The ash is also recycled. Unlike conventional WTE plants, which process fly ash and bottom ash together, GCS uses processes developed at the Hamburg facility to treat the ash types separately for optimum recovery and reuse. The bottom ash is processed to recover residual ferrous and non-ferrous metals and glass products, which are washed and screened to create a mixture of different minerals for use as an aggregate in the production of cement or asphalt, or as structural construction fill.

The fly ash is divided into boiler fly ash and filter fly ash. The former is recycled internally, and injected into the emission control system along with activated carbon.

In some applications, the boiler fly ash can be made into a “low-carbon” concrete. Diversified Minerals, Inc., Oxnard, CA, has been carrying out research on the novel concrete, which passes ASTM tests for compressive strength and also California’s rigorous standards for nonhazardous materials.

The filter fly ash is fed into an extraction system, where the ash is treated sequentially with ammonia and acid to remove metals that can be recycled in metal foundries. The non-soluble residue from the extraction process, along with the spent activated carbon, boiler fly ash, and fine particles that are washed out from the bottom ash are returned to the combustion system, providing additional thermal energy.

“ATR is pushing material recovery to the maximum,” said Meo. “The GCS approach meets municipal goals to divert waste from landfills, and is a proven option for cities and counties that have announced zero-waste programs.”

According to Meo, less than one percent of the waste fed into the GCS plant remains for disposal.

The Question of Public Acceptance

Although the developers are presenting the GCS system as a technology for sustainable waste management and player in the nation’s green economy, it remains to be seen if the facility will be embraced by a skeptical public, which for years has viewed waste-to-energy as smoke-belching, high-polluting garbage incineration and which considers WTE a disincentive to recycling. As speakers in the May 30 webinar in the ASME Energy Forum will say, the industry right now faces several challenges. The industry struggles to acquire permits and licenses for new plant construction; most activity in the last ten to 15 years has been focused on expanding already existing WTE facilities.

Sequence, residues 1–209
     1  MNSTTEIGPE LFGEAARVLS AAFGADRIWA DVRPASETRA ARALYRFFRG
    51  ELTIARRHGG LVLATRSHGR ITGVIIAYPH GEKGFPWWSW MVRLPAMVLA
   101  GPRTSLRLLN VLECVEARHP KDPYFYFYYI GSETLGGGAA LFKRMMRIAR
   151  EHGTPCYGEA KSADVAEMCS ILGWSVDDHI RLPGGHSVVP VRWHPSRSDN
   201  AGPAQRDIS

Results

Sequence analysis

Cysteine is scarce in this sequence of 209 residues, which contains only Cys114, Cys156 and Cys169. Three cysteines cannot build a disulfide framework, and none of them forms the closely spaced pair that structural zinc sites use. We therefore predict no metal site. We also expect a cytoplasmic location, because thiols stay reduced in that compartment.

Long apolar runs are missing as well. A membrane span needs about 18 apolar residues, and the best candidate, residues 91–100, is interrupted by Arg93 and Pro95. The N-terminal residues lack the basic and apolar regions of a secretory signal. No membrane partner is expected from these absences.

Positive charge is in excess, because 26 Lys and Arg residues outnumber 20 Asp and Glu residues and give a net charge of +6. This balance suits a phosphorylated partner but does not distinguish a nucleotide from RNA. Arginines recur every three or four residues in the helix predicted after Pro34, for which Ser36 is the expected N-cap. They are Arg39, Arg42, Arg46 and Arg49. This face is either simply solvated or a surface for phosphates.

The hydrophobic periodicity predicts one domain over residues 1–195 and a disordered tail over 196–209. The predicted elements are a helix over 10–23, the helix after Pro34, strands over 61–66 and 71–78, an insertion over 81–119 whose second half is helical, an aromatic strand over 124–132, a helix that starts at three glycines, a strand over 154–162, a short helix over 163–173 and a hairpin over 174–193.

Still, Meo and his clients at Green Conversion Systems strongly believe the new facility can be an effective and environmentally sound waste management strategy for towns and municipalities across the nation, particularly those – like Los Angeles – that plan to divert waste from landfills. Meo realizes that a great deal of community outreach will be required to educate environmentalists and public officials.

“The facility proposed for Los Angeles marks an unprecedented step forward in waste management,” said Meo. “What we have here is a plant with very advanced materials recovery capabilities and high-performing emissions control systems, which produces reusable materials along with electrical power and recyclable byproducts.”

Register here for a free webinar on waste-to-energy technology.

The facility proposed for Los Angeles marks an unprecedented step forward in waste management.

Dominic Meo, Meo & Associates

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May 2013

by John Varrasi, ASME Public Information